Taste of Homer a ‘flawless’ event

  • Land’s End Resort-Chart Room Restaurant’s executive chef Billy Roberson, director of hospitality Darrel Oliver and, from the resort’s human resource office, Christina Fenner offer melt-in-your-mouth servings of elk meatloaf atop a potato pancake.-Photo by McKibben Jackinsky, Homer News
  • Shelly Fraley and Marilyn Parrett compare samples.-Photo by McKibben Jackinsky, Homer News
  • Anna Wall of Red Bird Sweets puts a finishing touch on rosewater and cream cheese-filled pizelles.-Photo by McKibben Jackinsky, Homer News
  • Boss Hoggz crew Rich Jamieson, Garet Moyer and restaurant owner Jimmy Lower, serve sundaes at the Saturday night event.-Photo by McKibben Jackinsky, Homer News
  • Samples from Fritz Creek General Store — served by Sean Maryott, Hilda Caraballo and Kappi Hansen — make it clear why that establishment is so popular.-Photo by McKibben Jackinsky, Homer News

It was shoulder-to-shoulder, plate-to-plate and cup-to-cup at Wasabi’s on Saturday for the first Taste of Homer, with 19 participating vendors offering tastes of everything from Jakolof Oyster Company’s fresh oysters to the delicate rosewater and cream cheese-filled pizzelles created by Red Bird Sweets.

“This is a way to promote Homer,” said Colt Belmonte, who, along with his wife Dali Frazier, owns Wasabi’s. In the midst of the crowd, Belmonte was stopped by guests thanking him for opening up the East End Road restaurant for the event.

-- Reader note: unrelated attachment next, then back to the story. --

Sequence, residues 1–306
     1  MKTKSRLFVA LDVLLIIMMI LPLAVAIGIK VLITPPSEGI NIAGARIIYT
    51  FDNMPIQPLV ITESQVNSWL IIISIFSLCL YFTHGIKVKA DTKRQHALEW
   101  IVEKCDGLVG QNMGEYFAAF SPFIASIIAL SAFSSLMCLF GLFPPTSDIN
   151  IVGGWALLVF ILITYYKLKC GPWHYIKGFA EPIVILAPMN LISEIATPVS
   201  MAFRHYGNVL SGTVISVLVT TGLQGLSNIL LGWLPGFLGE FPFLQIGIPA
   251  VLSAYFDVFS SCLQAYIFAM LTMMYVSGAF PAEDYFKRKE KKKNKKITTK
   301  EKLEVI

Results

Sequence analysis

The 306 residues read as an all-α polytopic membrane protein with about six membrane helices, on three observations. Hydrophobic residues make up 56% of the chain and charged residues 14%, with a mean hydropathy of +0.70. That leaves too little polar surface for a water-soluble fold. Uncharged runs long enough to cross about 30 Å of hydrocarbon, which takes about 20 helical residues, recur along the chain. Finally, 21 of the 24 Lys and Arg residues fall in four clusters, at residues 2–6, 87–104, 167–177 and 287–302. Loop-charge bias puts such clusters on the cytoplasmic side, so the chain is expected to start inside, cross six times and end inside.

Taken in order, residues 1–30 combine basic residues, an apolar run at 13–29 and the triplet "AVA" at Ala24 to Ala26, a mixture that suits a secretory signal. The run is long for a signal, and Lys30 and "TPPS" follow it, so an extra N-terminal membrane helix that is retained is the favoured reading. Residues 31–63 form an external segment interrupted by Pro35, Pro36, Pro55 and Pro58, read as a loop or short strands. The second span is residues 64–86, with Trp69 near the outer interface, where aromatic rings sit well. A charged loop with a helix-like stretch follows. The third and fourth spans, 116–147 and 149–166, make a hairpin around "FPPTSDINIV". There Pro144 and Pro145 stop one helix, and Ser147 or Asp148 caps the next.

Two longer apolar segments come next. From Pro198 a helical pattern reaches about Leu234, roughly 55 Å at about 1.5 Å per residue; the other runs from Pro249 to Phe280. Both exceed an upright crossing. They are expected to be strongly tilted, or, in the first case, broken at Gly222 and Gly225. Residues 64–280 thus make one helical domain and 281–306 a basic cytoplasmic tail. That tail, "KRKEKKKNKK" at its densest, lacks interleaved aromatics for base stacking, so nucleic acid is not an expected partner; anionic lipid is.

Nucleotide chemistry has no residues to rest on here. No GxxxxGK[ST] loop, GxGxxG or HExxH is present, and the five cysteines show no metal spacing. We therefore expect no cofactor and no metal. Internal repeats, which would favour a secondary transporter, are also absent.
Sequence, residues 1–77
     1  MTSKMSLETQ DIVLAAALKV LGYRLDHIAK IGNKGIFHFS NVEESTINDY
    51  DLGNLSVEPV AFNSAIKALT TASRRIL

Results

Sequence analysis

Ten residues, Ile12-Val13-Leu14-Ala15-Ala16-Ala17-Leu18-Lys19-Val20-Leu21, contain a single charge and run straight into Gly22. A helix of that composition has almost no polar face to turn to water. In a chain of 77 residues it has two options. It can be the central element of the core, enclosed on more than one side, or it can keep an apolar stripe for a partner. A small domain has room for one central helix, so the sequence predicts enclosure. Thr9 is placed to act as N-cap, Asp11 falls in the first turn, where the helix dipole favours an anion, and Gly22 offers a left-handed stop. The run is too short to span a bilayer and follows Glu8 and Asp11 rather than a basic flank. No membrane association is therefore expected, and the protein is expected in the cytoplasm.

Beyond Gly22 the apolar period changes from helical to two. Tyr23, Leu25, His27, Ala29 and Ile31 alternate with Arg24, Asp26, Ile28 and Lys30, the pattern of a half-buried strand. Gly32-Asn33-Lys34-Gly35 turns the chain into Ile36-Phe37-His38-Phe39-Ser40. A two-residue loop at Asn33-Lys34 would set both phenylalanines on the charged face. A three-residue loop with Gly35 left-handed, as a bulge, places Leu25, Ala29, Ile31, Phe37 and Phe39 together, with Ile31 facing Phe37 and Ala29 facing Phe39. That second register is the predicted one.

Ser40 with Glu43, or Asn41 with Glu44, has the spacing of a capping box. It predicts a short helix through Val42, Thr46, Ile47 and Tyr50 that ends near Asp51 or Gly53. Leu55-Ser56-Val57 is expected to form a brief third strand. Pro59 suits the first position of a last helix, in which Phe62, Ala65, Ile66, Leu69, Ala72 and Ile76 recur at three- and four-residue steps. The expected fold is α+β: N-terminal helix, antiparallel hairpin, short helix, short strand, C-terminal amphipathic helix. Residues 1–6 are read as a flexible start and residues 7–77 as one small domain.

The evening was organized by Amy Martin of Vagabond Café, with the help of Zen Kelly.

“It was full all night long, I am so pleased,” said Martin, estimating that 250-300 guests enjoyed the sampling of menus and beverages offered at local businesses and the silent and live auction benefiting Homer Farmers’ Market. “It was a beautiful thing. You could see new faces constantly coming in.”

Momentum began for Taste of Homer when Martin held a meeting to assess the interest in an evening spotlighting Homer’s culinary community. From the six businesses represented at that meeting, the involvement continued to grow. On Saturday, the Wasabi dining room was ringed with smiling vendors serving samples to equally smiling guests.

“There was one point where I was standing in the center of the restaurant and there was a hum of energy you could feel in your flesh, in your bones,” said Martin. “It was a super positive evening. Flawless.”

The restaurant’s doors opened at 4 p.m. The upper and lower parking lots soon filled, with more guests arriving by Homer Trolley. The red and green trolley provided transportation throughout the evening between Wasabi’s and the Farmers’ Market parking lot.

The auction, coordinated by Dave and Marianne Aplin, offered a wide range of treasures and “came off beautifully,” said Martin.

The amount of what was raised for Farmers’ Market was still being totaled on Monday and plans for the second annual Taste of Homer already were being considered.

“We had some people ask if we could do this every month,” said Martin, laughing. “Everybody has to wait for it and who knows what next year will be. The committee will come together and talk about future prospects and if there’s anything that could be done differently.”

Riding on the success of the first Taste of Homer, the goal is to repeat it every year.

“Whatever we need to do to reach that goal, we’ll do,” said Martin.


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